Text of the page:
Punk and Politics is the University of Westminster’s most prominent journalism brand. The weekly live show holds the Student Union to account, digests campus politics and finds the student angle in stories. The show was born out of students expressing their frustration that they didn’t know how to understand politics, but found its feet by establishing itself as a Student Union watchdog that both celebrated student success and exposed wrong doing.
Despite journalism being taught on campus, the student journalism though good, was sporadic. This show will be remembered this year for leading the way in normalising the entire radio station’s brand as the core regular way to hold the student union to account. Whether because union staff members said our on air hustings had become an essential part of the election campaign, or their insistence that despite making their job difficult, the show’s work is vital to make the institution better; informing the Westminster experience is our legacy.
The show was presented and produced by a small but regular team of presenters and reporters who spent a lot of time investing in relationships with key players in the wider station, university and student union in order to have a wealth of stories to report on. The weekly live show featured on air debates, packages and prepared two ways to best inform the audience. We regularly collaborated with the wider stations volunteers in to broadcast OB panel discussions and debates.
These relations were where our first story in the piece comes from. This was our biggest story because of the University’s history with the emotional word, extremism. Westminster has a history of alumni being linked to terrorism, including the Birmingham dirty bomb plot. When we broke the news about an Islamic Cleric with extremist views being announced last-minute at the Islamic society’s (ISOC) best attended event of the year, it was clear that the story would move quickly and we would need to follow it intently. Following the initial broadcast, we chased the Student Union, University and ISOC for comment. All parties initially dismissed the topic as a ‘non-story’. However the Times agreed with us, that this was an important story. After breaking the story live on air it was picked up by the paper, and thanks to our extensive news gathering the story appeared on the 2nd page of the Times Saturday edition. Working with the Times also returned robust responses in time for our in-depth broadcast. Keen to present all sides and allow the audience to make up their own mind, we played audio of the event on top of laying out the detail of our in-depth research. It was important to ensure all parties were represented, including voiced statements for those who weren’t prepared to be interviewed.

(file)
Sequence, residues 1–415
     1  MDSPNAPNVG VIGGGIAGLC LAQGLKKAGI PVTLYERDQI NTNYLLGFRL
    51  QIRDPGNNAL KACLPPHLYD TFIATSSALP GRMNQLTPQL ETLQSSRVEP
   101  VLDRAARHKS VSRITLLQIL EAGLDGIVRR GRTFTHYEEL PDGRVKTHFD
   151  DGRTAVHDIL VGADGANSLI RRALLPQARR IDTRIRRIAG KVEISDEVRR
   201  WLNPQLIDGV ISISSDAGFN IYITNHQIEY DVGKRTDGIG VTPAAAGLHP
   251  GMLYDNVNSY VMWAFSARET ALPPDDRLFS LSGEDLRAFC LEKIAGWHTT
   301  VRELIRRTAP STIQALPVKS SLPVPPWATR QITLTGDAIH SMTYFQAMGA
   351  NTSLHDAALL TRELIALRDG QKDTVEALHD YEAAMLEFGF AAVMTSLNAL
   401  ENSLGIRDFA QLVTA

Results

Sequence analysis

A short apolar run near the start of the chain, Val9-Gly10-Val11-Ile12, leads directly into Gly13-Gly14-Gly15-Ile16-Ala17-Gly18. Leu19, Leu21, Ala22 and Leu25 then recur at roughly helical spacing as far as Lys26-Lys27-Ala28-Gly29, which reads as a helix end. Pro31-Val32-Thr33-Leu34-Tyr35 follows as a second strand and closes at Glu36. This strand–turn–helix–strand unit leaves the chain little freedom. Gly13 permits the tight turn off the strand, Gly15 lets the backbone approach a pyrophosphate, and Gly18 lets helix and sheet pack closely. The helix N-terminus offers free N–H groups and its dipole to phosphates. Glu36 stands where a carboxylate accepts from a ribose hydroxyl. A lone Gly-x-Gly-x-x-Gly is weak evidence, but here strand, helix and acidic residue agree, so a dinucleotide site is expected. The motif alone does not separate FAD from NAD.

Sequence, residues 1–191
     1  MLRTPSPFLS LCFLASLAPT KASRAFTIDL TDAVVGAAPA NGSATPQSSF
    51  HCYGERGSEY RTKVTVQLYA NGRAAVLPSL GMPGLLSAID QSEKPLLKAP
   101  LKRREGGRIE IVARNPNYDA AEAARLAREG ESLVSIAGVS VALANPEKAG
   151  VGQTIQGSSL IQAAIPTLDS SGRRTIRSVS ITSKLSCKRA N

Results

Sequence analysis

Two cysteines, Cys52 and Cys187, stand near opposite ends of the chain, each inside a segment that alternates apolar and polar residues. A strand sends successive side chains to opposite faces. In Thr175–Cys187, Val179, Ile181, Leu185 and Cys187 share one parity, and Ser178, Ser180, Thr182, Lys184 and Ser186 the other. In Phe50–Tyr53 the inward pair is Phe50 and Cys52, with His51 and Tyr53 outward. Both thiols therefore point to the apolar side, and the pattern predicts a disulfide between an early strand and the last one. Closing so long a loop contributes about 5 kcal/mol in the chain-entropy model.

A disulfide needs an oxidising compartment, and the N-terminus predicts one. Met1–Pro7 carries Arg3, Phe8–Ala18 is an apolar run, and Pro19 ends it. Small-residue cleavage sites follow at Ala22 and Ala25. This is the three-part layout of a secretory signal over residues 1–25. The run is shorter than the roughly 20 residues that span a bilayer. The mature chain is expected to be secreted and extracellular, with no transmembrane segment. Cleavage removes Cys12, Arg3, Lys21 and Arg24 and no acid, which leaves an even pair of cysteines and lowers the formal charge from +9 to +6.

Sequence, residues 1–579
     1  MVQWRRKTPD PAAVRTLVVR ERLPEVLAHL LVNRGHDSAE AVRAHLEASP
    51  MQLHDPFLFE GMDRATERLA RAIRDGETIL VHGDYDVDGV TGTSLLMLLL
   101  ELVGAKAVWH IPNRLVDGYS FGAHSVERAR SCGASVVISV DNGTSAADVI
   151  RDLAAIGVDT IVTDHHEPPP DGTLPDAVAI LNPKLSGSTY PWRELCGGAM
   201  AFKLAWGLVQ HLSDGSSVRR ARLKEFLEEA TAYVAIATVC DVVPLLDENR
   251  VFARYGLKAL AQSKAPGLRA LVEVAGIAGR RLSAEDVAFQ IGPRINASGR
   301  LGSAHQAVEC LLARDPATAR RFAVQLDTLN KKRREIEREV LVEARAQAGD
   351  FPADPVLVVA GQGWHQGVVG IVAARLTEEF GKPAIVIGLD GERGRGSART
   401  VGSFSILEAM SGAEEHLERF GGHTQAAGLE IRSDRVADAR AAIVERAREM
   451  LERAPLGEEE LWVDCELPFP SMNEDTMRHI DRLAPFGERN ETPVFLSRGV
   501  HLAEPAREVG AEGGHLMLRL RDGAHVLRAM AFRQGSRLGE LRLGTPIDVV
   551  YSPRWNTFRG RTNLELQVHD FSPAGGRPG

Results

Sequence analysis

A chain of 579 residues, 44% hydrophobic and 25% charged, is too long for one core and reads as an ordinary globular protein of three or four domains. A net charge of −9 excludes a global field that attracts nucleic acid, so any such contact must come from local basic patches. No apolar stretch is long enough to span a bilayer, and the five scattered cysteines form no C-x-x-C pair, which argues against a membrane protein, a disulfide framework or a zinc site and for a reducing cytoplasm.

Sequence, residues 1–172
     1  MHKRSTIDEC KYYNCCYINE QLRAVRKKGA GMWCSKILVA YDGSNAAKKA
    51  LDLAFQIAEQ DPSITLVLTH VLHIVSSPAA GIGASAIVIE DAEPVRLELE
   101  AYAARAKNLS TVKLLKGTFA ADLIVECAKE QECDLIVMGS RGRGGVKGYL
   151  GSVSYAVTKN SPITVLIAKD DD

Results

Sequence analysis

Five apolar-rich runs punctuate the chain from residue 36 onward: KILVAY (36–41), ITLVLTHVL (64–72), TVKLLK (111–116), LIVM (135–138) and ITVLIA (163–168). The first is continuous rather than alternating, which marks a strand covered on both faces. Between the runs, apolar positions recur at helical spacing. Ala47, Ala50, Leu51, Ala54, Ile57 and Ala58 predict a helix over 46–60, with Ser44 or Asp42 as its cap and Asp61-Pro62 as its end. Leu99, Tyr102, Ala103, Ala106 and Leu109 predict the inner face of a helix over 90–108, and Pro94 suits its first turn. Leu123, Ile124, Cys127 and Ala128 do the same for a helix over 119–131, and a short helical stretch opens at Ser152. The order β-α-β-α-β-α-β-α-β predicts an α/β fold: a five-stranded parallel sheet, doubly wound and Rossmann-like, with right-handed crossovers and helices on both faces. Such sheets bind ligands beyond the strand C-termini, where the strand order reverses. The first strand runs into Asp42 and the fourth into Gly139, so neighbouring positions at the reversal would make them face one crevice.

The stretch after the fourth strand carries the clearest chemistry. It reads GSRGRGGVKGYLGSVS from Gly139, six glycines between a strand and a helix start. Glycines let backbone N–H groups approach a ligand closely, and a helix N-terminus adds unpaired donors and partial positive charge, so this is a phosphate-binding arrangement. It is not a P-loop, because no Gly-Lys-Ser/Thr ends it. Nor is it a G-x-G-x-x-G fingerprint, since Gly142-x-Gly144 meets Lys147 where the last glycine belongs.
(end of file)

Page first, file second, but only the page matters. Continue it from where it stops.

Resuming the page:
Content of the show is primarily focused on student politics, on our campus. However, the show also covered national topics, though in a way that considered: how does this effect Westminster students? One example is of ‘Stop and Search’. A Westminster student approached the show following the arrest of another London union’s president. He had tried to prevent an illegal stop and search happening metres away from the campus doors. Our coverage asked; are black students being unfairly picked out?
As you’ll hear in the entry, event coverage was a focus of our show. We championed the ideals of the university’s ‘Westminster+’ scheme, celebrating the extra knowledge you pick up at University. However, just as students don’t feel able to engage with politics, extra events can be a big ask for our London-based audience. Many take on work in order to maintain the high rent, travel and food bills. We covered events so they could be packaged into a digestible format.
This show not only set its own news agenda, but that of the rest of the campus media. Listening to one of our vice presidents admitting sexism was prevalent in the student union was a turning point in the Women in Leadership campaign. This is an example of how diversity is a big part of the news agenda of the show. The University of Westminster has one of the most multicultural communities of students in the country. During the run up to student union elections we covered the LGBT society’s report that said 1 in 3 of their members had suffered homophobic abuse at university. Our coverage was a large factor in it becoming one of the most discussed election topics. This story was particularly relevant due to the ‘them and us’ culture building up between faith students and those of the LGBT community. They went on to call for some of the ISOC guests to be ‘No Platformed’.
A key part of the development of stories was an effort to do as much original journalism as possible, setting, rather than following the news agenda. This coverage was successful because not only did we report on air, but in regular articles edited with the strongest journalistic standards. One of the biggest stories on campus this year was the split between the Student Union and its event company ‘So Fresh ‘n’ So Clean’. We had begun research for an investigative article following student union sources alleging a former VP was pocketing some of the unions’ event profits. Although we were unable to prove this was the case, our research formed part of the financial investigation that lead to the companies splitting. After the split we were able to report on the true nature of the break up, and detail the £100,000 pounds worth of debt the events brand had accrued, that the union was now liable for.
We’re also particularly proud of our twitter account that live tweeted special events and built up a reputation of always being first to report news. Our use of social media with these events meant that those outside the room were represented by the station, which was crucial at events like the AGM, that only nine students attended.